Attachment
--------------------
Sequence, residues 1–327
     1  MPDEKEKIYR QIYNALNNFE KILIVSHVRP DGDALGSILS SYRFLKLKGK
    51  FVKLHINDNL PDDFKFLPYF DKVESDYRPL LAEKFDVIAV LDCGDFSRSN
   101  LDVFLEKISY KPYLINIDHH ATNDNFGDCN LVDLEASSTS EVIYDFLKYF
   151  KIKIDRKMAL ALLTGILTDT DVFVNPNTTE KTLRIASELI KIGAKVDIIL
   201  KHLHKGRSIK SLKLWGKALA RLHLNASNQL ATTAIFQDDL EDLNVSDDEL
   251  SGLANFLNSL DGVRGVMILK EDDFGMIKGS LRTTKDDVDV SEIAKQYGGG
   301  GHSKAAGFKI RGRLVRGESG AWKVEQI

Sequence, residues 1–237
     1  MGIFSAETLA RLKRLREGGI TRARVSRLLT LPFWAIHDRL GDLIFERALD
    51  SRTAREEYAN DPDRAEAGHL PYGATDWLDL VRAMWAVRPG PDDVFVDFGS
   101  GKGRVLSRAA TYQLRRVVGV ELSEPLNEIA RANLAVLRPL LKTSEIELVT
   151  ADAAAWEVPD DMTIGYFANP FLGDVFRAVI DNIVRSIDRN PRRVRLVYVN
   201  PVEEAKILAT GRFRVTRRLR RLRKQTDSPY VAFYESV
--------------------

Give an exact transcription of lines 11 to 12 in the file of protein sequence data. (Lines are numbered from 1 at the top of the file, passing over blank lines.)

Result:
    51  SRTAREEYAN DPDRAEAGHL PYGATDWLDL VRAMWAVRPG PDDVFVDFGS
   101  GKGRVLSRAA TYQLRRVVGV ELSEPLNEIA RANLAVLRPL LKTSEIELVT